One of the most fundamental Christian doctrines is that of the Trinity.  It separates genuine Christianity from the cults and from other religions and is essential to understanding the Gospel.  We recently received a message challenging an article I had written responding to a critic who denies the third Person of the Trinity: The Holy Spirit.  Below is John’s message in purple font with my response in black.  Curiously, some of John’s claims were already refuted in the original article.  Repeating an already-refuted claim contributes nothing to rational dialog since I can refute the claim again by merely restating the reason why such a claim did not stand up to scrutiny in the first place.  I will use green text when I quote the original article.

John: Hello Jason. I just watched your YouTube video about the Mandelbrot Set and must say it was one of the most interesting and compelling videos I’ve ever seen on any topic. It caused me to follow you on Twitter which led me to your website – the Biblical Science Institute.

Lisle: I’m glad John liked the video.  “The Secret Code of Creation” is available in our web store.

John: While browsing the site I came across a page titled  “Denying the Holy Spirit” written by you, dated February 28, 2020 with sub-heading Refuring the Critics, Theology. In it you highlight a “critic” named Ned. I couldn’t help thinking of Flan diddly anders but I digress.

Lisle: That article was itself a response to another critic who disagreed with my three-part series on the Trinity, the first of which is here.  Ned’s criticism with my responses are posted here.

John: I suspect even Ned Flanders could’ve put forward a better critique of the Trinity Doctrine than your guy but please allow me to make an attempt. To start with, denying belief in a Catholic (Universal) Doctrine of a triune god is not the same as denying the reality of God’s Holy Spirit. (HS)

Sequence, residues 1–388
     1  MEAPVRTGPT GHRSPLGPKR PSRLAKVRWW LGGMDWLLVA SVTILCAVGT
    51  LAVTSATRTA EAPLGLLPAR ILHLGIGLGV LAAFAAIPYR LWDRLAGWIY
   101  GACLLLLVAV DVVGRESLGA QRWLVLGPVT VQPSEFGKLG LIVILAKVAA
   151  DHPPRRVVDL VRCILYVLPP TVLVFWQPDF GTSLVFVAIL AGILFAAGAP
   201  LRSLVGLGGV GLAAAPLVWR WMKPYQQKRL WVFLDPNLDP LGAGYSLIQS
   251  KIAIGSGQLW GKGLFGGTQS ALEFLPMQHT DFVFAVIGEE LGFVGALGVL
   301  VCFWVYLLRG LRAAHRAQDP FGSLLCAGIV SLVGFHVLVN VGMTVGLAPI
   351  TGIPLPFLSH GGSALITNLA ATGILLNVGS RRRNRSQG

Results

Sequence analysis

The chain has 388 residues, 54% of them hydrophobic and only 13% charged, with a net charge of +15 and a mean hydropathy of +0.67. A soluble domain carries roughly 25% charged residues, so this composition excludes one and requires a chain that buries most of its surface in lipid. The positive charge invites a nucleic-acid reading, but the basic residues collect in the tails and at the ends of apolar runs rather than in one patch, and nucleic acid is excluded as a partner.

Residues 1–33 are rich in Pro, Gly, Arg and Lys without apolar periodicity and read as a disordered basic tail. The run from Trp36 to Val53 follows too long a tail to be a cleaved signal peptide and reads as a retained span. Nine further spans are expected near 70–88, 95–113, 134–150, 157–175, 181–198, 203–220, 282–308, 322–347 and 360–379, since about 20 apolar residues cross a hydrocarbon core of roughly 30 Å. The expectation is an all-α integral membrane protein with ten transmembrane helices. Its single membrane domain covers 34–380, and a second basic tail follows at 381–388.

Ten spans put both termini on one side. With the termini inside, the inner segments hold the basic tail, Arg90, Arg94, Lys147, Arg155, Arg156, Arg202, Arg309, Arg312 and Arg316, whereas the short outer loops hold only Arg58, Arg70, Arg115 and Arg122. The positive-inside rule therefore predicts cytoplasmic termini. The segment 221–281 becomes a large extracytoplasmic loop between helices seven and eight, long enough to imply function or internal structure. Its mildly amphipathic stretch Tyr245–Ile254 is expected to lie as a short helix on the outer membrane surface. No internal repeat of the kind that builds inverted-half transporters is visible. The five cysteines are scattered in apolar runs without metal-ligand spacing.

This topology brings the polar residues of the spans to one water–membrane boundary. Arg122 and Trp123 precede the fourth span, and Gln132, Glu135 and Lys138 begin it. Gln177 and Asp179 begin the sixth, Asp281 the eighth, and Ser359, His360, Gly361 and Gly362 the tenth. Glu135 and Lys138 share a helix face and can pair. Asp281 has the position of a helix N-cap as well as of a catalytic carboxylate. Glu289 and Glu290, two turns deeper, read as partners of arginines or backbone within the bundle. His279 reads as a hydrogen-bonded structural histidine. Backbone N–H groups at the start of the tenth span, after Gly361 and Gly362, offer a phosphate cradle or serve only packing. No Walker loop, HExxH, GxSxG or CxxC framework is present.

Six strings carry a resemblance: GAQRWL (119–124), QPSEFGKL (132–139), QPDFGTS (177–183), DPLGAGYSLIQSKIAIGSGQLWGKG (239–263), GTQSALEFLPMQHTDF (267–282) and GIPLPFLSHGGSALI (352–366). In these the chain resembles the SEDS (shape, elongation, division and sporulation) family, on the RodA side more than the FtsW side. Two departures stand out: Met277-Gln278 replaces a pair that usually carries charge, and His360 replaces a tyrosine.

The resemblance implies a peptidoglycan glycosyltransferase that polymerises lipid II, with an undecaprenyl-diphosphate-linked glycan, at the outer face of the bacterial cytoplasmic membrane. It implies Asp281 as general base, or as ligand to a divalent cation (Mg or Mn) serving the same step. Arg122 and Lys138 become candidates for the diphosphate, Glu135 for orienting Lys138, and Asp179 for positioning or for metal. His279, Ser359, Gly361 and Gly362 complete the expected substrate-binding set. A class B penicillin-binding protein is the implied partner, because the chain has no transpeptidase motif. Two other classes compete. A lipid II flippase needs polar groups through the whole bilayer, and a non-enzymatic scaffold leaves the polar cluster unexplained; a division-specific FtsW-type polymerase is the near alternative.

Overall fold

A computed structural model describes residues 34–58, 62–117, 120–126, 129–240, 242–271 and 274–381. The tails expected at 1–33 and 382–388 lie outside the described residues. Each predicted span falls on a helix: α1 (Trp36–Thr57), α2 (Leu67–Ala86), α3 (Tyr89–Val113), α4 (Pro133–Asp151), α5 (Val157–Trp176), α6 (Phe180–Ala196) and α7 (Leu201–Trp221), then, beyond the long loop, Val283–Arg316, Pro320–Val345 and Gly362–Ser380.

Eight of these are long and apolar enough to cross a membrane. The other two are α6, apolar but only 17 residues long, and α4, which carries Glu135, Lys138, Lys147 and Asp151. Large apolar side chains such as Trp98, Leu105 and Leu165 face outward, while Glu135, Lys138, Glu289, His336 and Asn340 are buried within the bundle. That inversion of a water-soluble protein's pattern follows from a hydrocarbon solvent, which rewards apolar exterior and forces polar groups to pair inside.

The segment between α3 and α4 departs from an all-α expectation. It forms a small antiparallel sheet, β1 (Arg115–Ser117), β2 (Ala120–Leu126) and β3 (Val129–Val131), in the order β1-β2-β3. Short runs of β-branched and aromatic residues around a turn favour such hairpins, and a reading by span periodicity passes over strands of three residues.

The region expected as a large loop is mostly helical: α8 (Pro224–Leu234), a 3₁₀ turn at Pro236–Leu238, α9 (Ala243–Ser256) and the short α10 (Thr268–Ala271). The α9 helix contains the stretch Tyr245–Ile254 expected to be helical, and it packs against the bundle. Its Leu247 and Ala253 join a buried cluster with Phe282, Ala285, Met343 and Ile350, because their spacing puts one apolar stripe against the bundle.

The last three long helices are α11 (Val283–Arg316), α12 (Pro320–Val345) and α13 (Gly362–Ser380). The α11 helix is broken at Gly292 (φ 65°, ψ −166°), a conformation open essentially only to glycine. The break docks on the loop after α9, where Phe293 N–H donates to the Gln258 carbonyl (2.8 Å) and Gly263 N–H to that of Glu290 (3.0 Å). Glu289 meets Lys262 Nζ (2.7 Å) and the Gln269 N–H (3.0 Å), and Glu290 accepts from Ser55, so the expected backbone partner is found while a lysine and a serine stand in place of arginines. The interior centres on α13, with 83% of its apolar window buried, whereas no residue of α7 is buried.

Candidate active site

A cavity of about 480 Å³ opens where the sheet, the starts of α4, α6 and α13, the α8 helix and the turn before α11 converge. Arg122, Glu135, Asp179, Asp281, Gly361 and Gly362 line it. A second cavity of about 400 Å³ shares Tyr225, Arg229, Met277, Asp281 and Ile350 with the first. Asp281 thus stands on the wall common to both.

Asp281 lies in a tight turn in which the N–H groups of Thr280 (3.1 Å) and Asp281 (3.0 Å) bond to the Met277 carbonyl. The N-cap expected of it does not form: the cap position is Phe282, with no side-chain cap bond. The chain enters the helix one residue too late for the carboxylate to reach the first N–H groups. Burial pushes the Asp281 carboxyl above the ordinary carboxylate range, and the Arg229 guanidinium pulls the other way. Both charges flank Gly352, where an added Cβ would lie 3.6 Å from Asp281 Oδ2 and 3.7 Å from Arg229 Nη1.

Lisle: The Trinity is not merely a Catholic (Universal) Doctrine.  Rather, it is the clear teaching of Scripture.  I am a biblical Trinitarian because my conviction about the nature of God is derived from the Scriptures.  In fact, in my three-part series on the Trinity, I made no reference to creeds or confessions of any church.  I did not cite any councils or statements or faith – not that there is anything wrong with these.  Rather, I demonstrated the Trinity from the Scriptures and from them alone.

The Holy Spirit is not some impersonal aspect of God’s power.  Rather, the Holy Spirit is God.  We know this because when Ananias lied to the Holy Spirit, he was lying to God (Acts 5:3-4).  The Holy Spirit has attributes that can only be applied to God.  For example, He is omni-present (Psalm 139:7-9), all-knowing (1 Corinthians 2:10-11), all-powerful (Job 33:4; Luke 1:35; Romans 15:19; 1 Thessalonians 1:5), and eternal (Hebrews 9:14).

John: Ned does make the point that Paul would likely have praised 3 persons in his letters if God was in fact 3 persons,…

Lisle: I already refuted that error in reasoning.  It’s the fallacy of the argument from silence.  As I already wrote:

This is a classic example of the fallacy of the argument from silence.  This is the error of making assumptions based on what is not written in the text.  However, just because something isn’t mentioned doesn’t mean it isn’t there.  After all, the Bible never says that John the Baptist ever went to sleep.  Can we therefore conclude that he didn’t?  Of course not.  We should not build our theology on what is absent in the text of Scripture, but rather on what is present in the text of Scripture….

The Apostle Paul often introduced his epistles with a greeting in the name of God the Father and the Lord Jesus without mentioning the Holy Spirit by name.  Of course, Paul does mention the Holy Spirit throughout His letters (e.g. Romans 8:16, 26-27, 9:1, 14:17, 15:16).  And we can speculate on why Paul usually mentioned only the Father and Son in his introduction.  But how does that even remotely suggest that the Holy Spirit is not God?  Could it be that Paul recognized that the people he was addressing in his letters already had the Holy Spirit present with them (John 14:16-17; Romans 5:5; 1 Thessalonians 4:8)?